I told you about continuous transfer speeds in the previous paragraph, but that is not the only important issue, during normal operations (Lightroom, Photoshop) you're not transferring large files, but rather accessing several pieces of files all around the drive, HDDs are mechanical, there are platters that rotate and a needle that moves around to read the data, the time it takes between for the HDD to fetch the requested data (move the needle to the required position) is called the seek time, this time is usually in the neighborhood of 20 milliseconds for average HDDs, so everytime you want to access a piece on the HDD, it takes 20 ms to reach that area before reading the data itself, that's a lifetime to the processor and the RAM who are capable of processing a bazillion instructions during that time.
Here is where SSDs (Solid State Drives) come into play, think of them as a huge memory card, but much faster, and with zero mechanical parts, due to that lack of moving parts, seek times for SSDs can be as low as 0.1 ms, that's 200 times faster than an HDD, but what about continuous transfer speeds? Well, they kick butt, SSDs can easily do 500 ~ 600 MB/s read and write speeds!!! Crazy fast, completely silent, consumes less power and reliable as well (no moving parts), what's not to like? That would be the price, SSDs are relatively new technology, and despite prices coming way down, you will find that you can buy a 120 GB slow-ish SSD for the price of a fast 1 TB HDD, so what to do then?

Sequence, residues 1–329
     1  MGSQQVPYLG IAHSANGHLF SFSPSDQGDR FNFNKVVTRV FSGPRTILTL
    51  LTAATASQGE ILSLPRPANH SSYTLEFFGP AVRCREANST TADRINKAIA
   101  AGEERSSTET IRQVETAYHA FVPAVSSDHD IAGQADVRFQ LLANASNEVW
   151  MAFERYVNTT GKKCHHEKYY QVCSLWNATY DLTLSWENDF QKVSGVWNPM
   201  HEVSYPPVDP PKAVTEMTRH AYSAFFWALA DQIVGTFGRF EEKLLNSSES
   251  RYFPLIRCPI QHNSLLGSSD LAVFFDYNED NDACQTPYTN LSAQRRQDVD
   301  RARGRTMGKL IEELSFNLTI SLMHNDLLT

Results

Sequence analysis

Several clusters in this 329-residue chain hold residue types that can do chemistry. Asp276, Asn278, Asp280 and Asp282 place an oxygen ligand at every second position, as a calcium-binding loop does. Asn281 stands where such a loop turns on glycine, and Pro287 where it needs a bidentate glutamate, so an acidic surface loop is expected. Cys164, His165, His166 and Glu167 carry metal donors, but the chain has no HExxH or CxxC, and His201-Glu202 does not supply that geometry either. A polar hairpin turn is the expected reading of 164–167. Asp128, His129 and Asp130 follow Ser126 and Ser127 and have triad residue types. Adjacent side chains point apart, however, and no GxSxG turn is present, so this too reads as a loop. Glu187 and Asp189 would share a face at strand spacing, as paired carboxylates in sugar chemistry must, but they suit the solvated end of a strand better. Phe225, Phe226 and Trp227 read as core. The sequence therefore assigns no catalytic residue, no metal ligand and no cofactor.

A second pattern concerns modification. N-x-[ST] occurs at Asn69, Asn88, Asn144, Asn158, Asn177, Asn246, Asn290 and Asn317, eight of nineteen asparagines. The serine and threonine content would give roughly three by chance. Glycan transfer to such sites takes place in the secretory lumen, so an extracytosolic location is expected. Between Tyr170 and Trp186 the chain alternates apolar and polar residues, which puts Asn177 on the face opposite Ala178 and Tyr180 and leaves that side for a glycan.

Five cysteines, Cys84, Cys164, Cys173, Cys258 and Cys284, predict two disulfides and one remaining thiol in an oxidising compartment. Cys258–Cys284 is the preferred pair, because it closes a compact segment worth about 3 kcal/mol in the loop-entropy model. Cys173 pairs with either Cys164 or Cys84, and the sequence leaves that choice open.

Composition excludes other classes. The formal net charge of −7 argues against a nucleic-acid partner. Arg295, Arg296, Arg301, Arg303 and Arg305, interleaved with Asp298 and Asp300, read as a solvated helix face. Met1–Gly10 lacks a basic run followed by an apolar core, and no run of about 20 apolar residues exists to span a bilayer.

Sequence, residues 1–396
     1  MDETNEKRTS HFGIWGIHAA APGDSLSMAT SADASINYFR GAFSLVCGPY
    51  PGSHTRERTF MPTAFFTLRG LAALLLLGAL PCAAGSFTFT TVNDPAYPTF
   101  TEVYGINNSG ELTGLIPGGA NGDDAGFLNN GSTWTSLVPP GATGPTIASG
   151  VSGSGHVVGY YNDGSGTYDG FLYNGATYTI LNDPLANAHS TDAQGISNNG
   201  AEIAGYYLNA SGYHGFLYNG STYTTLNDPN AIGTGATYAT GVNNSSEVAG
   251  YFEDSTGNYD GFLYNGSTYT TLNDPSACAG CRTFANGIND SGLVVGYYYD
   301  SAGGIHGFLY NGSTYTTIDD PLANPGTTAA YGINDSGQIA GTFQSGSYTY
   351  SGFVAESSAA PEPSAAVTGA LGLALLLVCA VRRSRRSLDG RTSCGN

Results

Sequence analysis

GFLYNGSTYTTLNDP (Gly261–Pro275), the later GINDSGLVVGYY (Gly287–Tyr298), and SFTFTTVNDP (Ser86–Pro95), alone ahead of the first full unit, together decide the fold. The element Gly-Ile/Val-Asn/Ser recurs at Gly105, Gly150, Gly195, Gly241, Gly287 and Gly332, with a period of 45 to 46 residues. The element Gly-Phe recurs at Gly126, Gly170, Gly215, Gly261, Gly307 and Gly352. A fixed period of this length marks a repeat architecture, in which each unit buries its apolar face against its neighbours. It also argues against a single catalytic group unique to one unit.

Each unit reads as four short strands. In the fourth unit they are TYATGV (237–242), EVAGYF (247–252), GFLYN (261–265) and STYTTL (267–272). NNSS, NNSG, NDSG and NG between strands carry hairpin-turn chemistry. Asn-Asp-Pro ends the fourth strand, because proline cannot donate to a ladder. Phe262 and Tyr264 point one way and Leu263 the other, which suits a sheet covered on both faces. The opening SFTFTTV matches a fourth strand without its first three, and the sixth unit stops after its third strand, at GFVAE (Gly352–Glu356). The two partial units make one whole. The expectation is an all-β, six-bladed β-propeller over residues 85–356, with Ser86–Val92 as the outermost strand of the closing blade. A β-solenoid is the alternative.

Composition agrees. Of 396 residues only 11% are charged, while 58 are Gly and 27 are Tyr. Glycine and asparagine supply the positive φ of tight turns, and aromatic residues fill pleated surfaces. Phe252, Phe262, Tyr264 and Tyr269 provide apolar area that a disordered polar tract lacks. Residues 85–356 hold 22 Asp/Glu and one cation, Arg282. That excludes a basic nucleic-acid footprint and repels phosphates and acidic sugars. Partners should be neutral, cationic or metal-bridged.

Left: Kingston HyperX 120 GB SSD - Right: WD Caviar Green 1 TB
When I built my first PC, I dreaded slowing down everything with slow storage, and I ended up buying WD's slowest Green HDDs, so to solve this issue I joined all three of them in a RAID setup, here's a quick summary about the important RAID configurations you need to know:
RAID is short for "Redundant Array of Independent Disks", it makes use of more than one HDD or SSD configured as one volume (i.e. you only see them as one drive in your Windows) to get more speed, data redundancy or both, here's how: